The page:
The kind you’re born with, the kind you choose, the kind that teach Catholic school
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When I enter the classroom for the first time, I tell my students we are there to think critically, to engage the world we live in — the world of ideas — fully, deeply, and with our whole heart. Pema Chödrön’s work helps me do this. She consistently challenges me to think beyond the boundaries I have erected, the places where I’ve allowed myself to become stuck, attached, hemmed in by my defenses.
At first her writing irked me. I was disturbed by what I called its “strategic open-endedness.” I wanted to be offered solutions, ways out. Instead, she invited me into that enchanted space beyond right or wrong, on a journey to the heart of compassion. Once you step out on faith, straight into the heart of the matter, lovingkindness appears less like a utopian dream. It becomes concrete — something to practice wherever you are.
Chödrön is most seductive and exciting when she urges us to revise our notions of safety, telling us: “Real safety is your willingness not to run away from yourself.” She urges us to take risks, to embrace rebellion, disruption, and chaos as beloved means for transformation. Talking with her enabled me to bring the issues that trouble my heart out into the open. My hope was that she would shed light on them. She did.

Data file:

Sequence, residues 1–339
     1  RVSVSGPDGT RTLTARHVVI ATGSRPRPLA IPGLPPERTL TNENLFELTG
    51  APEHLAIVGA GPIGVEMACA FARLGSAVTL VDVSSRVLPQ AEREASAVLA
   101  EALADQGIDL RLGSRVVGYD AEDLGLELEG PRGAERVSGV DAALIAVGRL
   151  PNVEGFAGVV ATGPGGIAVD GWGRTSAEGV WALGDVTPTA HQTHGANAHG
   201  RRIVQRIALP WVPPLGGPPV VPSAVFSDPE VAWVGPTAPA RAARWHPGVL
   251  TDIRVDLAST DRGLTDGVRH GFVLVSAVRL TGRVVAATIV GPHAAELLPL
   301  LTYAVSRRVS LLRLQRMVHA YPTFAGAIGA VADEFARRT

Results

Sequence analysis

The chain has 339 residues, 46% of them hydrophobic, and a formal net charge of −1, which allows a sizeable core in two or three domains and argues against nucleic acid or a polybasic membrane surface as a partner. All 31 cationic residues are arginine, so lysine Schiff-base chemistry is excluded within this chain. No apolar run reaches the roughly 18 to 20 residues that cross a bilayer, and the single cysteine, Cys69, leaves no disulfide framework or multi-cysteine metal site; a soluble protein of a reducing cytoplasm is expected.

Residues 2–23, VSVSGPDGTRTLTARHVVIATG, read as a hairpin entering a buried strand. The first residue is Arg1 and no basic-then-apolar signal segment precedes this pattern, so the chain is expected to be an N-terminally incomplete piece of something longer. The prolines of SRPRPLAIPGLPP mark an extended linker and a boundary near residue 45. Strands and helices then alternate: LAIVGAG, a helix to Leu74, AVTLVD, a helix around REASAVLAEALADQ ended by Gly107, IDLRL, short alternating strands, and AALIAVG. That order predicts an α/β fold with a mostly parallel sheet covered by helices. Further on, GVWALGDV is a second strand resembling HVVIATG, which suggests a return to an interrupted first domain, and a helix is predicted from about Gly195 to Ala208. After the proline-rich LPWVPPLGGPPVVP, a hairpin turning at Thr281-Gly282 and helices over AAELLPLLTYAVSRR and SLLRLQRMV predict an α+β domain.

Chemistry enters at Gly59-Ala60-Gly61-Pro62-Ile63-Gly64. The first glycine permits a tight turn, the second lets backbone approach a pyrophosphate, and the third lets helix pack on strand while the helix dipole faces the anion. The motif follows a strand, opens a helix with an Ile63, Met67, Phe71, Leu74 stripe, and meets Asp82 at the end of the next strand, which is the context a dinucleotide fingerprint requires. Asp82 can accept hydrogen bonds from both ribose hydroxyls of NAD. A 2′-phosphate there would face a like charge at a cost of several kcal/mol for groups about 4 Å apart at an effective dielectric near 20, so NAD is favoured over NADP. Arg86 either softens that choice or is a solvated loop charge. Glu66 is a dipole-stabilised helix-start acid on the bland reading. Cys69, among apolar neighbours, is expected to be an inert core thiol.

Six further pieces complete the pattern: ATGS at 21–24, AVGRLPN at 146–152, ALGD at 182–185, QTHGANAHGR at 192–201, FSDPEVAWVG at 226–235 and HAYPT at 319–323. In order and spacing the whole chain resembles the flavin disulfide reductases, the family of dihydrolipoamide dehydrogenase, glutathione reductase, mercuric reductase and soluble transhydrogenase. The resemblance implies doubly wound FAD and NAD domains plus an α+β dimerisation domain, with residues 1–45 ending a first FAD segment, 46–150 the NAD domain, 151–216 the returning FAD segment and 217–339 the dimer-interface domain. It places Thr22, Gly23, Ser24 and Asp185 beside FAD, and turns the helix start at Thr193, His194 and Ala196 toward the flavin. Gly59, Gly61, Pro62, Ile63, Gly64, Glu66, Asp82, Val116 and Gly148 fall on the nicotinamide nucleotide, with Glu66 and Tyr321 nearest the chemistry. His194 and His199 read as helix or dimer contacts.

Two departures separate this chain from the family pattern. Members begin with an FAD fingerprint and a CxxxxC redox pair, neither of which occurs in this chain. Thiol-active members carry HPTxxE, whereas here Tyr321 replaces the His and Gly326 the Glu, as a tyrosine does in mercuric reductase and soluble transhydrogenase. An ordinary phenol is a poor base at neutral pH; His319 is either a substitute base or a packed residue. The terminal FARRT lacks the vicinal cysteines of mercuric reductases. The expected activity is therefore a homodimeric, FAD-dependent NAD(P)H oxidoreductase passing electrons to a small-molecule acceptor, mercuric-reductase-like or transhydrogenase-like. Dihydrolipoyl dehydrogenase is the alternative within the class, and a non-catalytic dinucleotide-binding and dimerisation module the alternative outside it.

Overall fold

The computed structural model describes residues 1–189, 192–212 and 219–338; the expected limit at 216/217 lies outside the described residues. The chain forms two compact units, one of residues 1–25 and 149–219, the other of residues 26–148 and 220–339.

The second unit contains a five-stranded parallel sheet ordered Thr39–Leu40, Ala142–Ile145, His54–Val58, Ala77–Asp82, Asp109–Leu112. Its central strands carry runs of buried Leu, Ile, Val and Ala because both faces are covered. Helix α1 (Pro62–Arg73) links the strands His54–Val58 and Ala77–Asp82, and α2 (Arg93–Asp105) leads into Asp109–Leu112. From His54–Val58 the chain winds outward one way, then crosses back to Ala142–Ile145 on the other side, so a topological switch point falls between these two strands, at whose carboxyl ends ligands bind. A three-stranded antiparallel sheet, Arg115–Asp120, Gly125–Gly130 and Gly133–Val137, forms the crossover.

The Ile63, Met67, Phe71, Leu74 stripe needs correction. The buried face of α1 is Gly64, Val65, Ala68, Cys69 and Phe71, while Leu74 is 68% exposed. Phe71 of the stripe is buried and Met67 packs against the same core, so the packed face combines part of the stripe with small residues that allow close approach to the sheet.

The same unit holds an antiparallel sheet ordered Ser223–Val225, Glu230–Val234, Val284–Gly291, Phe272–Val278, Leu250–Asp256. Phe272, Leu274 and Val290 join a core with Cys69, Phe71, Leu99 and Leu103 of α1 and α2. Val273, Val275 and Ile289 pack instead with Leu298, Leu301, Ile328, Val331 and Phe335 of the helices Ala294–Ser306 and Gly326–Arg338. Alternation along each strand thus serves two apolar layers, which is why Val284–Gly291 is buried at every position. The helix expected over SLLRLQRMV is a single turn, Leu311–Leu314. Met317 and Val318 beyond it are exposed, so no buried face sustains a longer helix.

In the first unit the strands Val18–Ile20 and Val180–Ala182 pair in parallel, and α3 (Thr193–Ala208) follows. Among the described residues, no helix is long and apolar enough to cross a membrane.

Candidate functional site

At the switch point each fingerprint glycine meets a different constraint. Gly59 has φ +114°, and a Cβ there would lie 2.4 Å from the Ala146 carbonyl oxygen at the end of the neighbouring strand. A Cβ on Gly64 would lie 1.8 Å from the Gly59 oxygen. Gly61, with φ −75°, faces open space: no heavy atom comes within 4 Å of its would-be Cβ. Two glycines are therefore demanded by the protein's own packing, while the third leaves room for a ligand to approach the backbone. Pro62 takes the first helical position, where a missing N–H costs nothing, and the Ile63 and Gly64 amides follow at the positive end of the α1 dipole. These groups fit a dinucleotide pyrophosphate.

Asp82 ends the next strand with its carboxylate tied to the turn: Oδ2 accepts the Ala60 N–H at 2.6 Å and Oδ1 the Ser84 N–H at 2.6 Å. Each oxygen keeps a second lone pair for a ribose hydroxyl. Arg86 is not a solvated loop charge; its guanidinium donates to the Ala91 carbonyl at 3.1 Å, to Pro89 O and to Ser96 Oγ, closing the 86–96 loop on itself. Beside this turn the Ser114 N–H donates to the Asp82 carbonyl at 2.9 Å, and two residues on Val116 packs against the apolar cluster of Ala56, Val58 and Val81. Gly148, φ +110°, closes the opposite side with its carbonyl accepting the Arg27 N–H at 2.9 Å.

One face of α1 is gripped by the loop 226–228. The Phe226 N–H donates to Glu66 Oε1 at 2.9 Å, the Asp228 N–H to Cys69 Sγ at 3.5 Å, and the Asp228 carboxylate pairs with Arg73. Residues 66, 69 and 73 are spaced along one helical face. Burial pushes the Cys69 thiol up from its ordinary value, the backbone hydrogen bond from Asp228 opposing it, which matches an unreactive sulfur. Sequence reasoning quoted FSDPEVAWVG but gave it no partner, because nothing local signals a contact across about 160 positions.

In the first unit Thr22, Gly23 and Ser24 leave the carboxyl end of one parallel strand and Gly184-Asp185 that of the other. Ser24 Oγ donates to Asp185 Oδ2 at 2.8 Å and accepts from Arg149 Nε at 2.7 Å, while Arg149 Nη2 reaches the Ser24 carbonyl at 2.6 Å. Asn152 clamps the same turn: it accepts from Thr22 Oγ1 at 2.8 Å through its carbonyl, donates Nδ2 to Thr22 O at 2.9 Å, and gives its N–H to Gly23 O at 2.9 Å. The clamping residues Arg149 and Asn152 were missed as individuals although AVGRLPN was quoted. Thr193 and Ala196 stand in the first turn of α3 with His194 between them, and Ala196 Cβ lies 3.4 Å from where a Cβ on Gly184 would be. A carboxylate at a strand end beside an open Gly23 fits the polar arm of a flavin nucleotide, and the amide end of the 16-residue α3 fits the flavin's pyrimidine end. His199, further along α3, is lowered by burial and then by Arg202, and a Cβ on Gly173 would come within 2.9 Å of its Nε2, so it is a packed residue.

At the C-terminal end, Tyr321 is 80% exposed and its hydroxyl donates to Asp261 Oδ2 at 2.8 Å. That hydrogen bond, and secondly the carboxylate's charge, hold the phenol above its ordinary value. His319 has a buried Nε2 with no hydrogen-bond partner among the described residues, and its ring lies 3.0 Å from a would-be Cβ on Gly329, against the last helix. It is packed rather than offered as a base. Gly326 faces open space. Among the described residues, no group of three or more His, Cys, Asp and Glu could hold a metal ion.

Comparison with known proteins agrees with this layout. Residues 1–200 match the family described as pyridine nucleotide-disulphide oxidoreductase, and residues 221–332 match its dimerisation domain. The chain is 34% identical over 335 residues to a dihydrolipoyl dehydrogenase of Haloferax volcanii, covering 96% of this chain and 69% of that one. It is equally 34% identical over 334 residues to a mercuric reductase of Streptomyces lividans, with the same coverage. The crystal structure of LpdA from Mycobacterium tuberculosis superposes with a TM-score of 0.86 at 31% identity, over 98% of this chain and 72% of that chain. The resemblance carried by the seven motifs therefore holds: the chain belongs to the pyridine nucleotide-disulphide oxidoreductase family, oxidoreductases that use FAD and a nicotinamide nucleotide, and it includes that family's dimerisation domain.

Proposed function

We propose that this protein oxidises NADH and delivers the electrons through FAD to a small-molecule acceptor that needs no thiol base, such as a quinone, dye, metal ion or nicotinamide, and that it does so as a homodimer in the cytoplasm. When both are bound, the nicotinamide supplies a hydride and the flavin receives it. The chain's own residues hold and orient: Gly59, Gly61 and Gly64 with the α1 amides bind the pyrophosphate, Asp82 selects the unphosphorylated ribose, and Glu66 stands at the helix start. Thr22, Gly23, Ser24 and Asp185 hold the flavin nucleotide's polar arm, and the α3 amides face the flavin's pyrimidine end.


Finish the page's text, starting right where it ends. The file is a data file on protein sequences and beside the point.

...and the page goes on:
— bell hooks
hooks: One idea that really challenges me in your work is abandoning the hope of fruition. That’s a hard one for me.
Chödrön: The point is that we rob ourselves of being in the present by always thinking the payoff will come in the future. But the only place ever to work is right now: we must work with the present situation rather than with a hypothetical possibility of what might be. I like any teaching that encourages us to be with ourselves and our situation as it is without looking for alternatives. The source of all wakefulness, of all kindness and compassion — of all wisdom — can be found in each second of time. Any teaching that has us looking ahead is missing the point.
hooks: Much of my work revolves around ending racism and sexism. On the one hand, I want to work right where I am, in the now; but on the other hand, I also have to have a vision of a future in which racism and sexism are no longer part of our lives. Do you think that’s too utopian?
Chödrön: I prefer to work with aspiration. The classic bodhisattva aspiration is: “Sentient beings are numberless. I vow to save them.” That means I aspire to end suffering for all creatures, but at the same time I don’t deny the reality of the present situation. I give up both the hope that something is going to change and the fear that it isn’t. It’s all right to long to end suffering, but somehow it paralyzes us if we’re too goal-oriented about it. Do you see the balance there?